Let's look at our last example. Suppose Jaime scored 18 goals during 9 games of soccer. He wants to know how many goals he scored, on average, per game. So we can write an equation to represent the situation. We're going to multiply the 9 games of soccer by x, our variable, which here, is how many goals he scored per game. And we know that's going to be equal to a total number of 18 goals.

So to solve this equation, because the 9 is multiplying by the x, we're going to divide by 9 on both sides of our equation. This will simplify to be x on the left side of the equation, and 2 on the right side of the equation. So our solution is x equals 2, which means that Jaime scored, on average, 2 goals per game.

Let's go over our important points from today. Make sure you get these in your notes, so you can refer to them later.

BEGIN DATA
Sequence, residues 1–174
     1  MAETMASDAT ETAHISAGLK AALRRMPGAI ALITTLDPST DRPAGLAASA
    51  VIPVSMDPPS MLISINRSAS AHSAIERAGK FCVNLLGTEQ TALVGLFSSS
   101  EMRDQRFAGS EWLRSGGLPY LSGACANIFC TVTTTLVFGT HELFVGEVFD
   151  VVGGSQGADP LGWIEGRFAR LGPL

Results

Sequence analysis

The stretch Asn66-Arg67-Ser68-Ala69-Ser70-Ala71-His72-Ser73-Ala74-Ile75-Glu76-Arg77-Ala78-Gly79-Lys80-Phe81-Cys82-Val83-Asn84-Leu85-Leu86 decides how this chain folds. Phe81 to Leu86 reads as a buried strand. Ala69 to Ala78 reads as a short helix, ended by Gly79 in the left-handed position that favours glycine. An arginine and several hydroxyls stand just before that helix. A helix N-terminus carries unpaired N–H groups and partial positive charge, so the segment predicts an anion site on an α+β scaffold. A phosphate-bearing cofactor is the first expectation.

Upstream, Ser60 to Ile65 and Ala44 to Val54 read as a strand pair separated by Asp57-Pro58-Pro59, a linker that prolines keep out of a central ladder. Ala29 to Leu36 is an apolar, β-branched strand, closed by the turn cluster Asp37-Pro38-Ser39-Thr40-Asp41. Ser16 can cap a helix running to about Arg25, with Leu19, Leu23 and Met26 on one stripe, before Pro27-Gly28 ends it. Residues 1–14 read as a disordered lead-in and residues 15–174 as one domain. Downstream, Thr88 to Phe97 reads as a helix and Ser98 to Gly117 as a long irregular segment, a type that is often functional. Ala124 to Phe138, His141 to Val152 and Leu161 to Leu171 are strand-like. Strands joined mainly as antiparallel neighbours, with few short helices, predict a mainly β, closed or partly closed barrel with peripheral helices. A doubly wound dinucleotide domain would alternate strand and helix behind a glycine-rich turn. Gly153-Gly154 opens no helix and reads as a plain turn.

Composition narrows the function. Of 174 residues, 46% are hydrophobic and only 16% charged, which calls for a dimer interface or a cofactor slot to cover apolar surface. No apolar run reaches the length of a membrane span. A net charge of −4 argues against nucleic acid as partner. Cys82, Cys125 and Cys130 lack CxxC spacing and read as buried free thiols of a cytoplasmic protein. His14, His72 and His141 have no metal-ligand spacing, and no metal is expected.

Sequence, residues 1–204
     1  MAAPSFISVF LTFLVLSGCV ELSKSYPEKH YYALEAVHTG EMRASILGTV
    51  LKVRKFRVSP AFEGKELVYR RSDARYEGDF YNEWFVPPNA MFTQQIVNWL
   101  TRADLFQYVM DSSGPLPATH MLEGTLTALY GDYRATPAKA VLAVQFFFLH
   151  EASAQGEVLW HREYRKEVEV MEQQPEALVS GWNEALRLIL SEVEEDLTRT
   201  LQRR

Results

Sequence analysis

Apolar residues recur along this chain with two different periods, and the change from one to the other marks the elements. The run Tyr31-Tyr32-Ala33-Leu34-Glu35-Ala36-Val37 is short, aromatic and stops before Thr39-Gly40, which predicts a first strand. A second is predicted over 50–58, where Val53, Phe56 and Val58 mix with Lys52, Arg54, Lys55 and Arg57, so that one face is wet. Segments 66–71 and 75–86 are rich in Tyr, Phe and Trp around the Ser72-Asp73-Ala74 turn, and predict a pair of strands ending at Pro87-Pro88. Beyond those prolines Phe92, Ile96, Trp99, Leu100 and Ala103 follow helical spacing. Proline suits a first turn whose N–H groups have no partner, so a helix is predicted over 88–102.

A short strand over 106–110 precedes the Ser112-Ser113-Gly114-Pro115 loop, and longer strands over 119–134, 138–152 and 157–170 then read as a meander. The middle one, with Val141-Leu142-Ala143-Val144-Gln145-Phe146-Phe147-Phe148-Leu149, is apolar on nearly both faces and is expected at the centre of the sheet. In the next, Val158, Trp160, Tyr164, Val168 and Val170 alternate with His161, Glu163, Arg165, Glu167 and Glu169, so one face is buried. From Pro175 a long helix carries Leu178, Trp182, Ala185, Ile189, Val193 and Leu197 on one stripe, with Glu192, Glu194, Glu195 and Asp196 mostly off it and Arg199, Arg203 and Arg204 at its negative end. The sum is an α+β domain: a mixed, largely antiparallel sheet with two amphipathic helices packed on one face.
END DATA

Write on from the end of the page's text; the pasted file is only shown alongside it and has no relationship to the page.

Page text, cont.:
An equation is a mathematical statement that two expressions, or quantities, have the same value. A variable, which is represented with a letter in an equation, is an unknown value we are trying to find or solve for. To solve for a variable, we want to isolate the variable on one side of the equation and move everything else to the other side. And we use inverse operations to isolate the variable that we want to solve for. Addition and subtraction are inverse operations, multiplication and division are inverse operations, and squaring and taking the square root are also inverse operations.

So I hope that these key points and examples helped you understand a little bit more about solving single step equations. Keep using your notes, and keep on practicing, and soon you'll be a pro. Thanks for watching.

Solving Single Step Equations

Notes on Solving Single Step Equations

(00:00 - 00:40) Introduction

(00:41 - 01:34) What is an Equation?

(01:35 - 03:15) Properties of Equality

(03:16 - 05:16) Inverse Operations

(05:17 - 08:10) Isolating the Variable

(08:11 - 09:15) Important to Remember

TERMS TO KNOW
  • Variable

    An unknown value that we are trying to find.

  • Equation

    A mathematical statement that two expressions or quantities have the same value.